Last Licks by Cynthia Baxter Read Online (FREE)
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Next to cookies, ice cream stands as the best-selling treat in America.
“How does this sound? Green ice cream—pistachio would be perfect—that’s mixed with chocolate chips, nuts, crushed chocolate cookies, and—here’s the best part—tiny eyeballs made of sugar!”
“It sounds amazing,” I told my eighteen-year-old niece Emma, whose big brown eyes were lit up with excitement. “And I bet you have a great name for it.”
“I do!” she replied gleefully. “Monster Mash!”
“I love it,” I told her. “I’m adding it to the list. Of course, we’d have to find someone who actually makes sugar eyeballs.”
Halloween was less than three weeks away, and Emma and I were sitting at one of the round marble tables at my ice cream store, the Lickety Splits Ice Cream Shoppe, trying to come up with fun flavors that had a spooky theme. We had just finished our usual breakfast of Cappuccino Crunch ice cream, which I consider a perfectly respectable substitute for a more normal breakfast since it contains coffee, cream, and protein-rich nuts.
But so far, our enthusiasm had greatly outweighed our productivity. In fact, Monster Mash was only the second flavor I’d written on the list. The other was Smashed Pumpkins, which was pumpkin ice cream with pecans and pralines—both smashed into little pieces, of course.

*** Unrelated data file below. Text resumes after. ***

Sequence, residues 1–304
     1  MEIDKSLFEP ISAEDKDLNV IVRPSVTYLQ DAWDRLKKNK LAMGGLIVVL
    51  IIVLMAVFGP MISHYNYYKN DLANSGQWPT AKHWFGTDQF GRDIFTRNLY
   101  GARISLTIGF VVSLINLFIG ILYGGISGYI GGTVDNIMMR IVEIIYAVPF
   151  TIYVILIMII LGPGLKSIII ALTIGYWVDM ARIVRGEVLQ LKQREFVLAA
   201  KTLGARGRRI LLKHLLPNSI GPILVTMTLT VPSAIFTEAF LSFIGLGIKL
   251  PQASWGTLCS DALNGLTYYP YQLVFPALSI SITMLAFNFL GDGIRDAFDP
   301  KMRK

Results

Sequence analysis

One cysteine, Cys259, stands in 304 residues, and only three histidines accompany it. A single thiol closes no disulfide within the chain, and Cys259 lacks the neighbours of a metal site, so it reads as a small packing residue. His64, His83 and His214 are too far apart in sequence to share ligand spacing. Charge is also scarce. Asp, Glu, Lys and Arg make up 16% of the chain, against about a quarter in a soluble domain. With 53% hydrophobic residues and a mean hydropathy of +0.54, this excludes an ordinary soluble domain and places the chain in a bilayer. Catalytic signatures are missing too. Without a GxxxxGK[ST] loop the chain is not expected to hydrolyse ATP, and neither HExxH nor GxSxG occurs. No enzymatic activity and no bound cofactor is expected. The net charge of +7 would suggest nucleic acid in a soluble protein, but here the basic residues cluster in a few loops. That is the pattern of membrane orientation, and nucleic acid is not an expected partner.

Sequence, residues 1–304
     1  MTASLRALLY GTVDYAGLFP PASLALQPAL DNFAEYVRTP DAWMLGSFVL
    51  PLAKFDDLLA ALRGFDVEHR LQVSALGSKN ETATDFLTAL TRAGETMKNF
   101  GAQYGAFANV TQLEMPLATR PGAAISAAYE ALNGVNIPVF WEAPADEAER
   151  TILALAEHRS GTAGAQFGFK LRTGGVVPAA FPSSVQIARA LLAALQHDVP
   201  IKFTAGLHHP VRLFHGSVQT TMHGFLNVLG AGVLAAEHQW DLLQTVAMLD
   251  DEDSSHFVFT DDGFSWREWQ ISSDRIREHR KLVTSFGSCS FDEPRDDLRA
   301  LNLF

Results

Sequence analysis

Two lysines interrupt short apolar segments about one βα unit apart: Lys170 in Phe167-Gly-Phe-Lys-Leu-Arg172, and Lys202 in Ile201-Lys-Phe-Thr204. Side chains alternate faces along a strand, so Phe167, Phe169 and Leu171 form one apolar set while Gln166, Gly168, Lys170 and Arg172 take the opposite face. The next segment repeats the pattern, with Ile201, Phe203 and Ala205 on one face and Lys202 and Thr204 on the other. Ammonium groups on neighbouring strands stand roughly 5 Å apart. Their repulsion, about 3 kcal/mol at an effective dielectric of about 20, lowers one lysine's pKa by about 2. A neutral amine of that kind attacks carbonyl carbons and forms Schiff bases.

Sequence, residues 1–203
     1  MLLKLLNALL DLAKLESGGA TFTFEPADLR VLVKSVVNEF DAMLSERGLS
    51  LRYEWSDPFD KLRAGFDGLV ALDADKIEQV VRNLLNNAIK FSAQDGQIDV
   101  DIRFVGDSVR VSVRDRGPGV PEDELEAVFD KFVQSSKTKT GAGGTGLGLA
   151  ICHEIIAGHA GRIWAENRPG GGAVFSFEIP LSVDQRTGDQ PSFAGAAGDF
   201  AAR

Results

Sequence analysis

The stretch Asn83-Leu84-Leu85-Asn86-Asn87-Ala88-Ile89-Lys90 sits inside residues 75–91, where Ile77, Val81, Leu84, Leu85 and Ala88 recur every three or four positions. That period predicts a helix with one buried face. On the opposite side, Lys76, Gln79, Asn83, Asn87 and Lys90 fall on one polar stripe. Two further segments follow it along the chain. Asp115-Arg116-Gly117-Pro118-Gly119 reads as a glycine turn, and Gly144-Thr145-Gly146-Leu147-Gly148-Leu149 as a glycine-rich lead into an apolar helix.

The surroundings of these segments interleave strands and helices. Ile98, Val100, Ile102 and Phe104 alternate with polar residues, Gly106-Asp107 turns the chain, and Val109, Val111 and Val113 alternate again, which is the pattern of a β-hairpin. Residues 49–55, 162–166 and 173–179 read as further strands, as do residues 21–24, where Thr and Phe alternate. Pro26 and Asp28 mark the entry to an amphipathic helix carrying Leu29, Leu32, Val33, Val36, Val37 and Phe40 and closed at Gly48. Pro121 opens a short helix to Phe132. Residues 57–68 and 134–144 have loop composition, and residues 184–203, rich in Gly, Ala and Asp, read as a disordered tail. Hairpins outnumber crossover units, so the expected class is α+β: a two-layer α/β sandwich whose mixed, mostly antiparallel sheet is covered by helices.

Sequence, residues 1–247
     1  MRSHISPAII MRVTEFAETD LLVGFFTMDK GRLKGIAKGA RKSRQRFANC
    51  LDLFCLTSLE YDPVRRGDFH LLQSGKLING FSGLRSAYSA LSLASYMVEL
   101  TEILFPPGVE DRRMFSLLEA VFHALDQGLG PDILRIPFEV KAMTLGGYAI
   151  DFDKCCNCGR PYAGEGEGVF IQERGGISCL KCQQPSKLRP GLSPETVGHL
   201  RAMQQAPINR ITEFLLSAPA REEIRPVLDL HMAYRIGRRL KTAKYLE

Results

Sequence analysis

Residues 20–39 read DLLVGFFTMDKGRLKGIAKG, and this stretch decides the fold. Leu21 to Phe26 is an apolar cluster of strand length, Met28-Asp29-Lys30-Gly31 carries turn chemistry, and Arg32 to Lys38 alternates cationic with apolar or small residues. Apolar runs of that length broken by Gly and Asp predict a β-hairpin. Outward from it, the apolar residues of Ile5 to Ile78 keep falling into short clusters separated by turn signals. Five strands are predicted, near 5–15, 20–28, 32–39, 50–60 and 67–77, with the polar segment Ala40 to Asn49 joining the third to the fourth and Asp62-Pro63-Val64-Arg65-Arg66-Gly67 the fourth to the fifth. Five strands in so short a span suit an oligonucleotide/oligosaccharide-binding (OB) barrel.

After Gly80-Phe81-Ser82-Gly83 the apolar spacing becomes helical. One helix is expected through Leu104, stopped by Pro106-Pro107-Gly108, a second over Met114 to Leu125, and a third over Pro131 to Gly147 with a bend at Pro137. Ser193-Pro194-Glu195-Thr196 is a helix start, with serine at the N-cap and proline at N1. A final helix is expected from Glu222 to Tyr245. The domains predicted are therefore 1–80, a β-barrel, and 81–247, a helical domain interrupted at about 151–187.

Yet while we were still at the brainstorming stage for creative new flavors, thanks to my artistic niece, my shop already looked like Halloween Central. I had given her free reign with decorating, and the results had astounded me. Just looking around was enough to put me in a Halloween mood.
Emma had begun by hanging fake spiderwebs all around the shop. She’d made them by draping strips of gauzy fabric from the shiny tin ceiling and along the exposed brick wall. She had even put them on the huge, cartoon-like paintings of ice cream treats that my best friend, Willow, had painted for the shop. One was a picture of a huge ice cream cone, one was a banana split, and the third was an ice cream sandwich. The webs were anything but eerie, especially because of the furry stuffed spiders she had added here and there. In fact, the huge smiles she’d embroidered on their faces made them look positively cute.
Intertwined in the spiderwebs were strings of tiny orange lights. They nicely complemented the string of orange jack-o’-lantern lights that Emma had hung across the front display window that overlooked Hudson Street, Wolfert’s Roost’s main thoroughfare. To me, those grinning pumpkins captured all the fun of what had always been one of my favorite holidays. A second string of jack-o’-lantern lights festooned the glass display case that contained the giant tubs of ice cream.
But the best part of Lickety Splits’ Halloween décor were the life-size creatures my clever niece had made out of papier-mâché, paint, fabric, and glue. At the moment, Count Dracula was sitting at the table behind me, his mitten-like hand holding a plastic spoon. In front of him was a ceramic coffin the size of a dinner plate piled high with fake ice cream made from balls of fabric. Emma had done an incredible job of replicating one of Lickety Splits’ signature dishes, the Bananafana Split. And customers were more than welcome to share the Count’s table while they ate their own ice cream.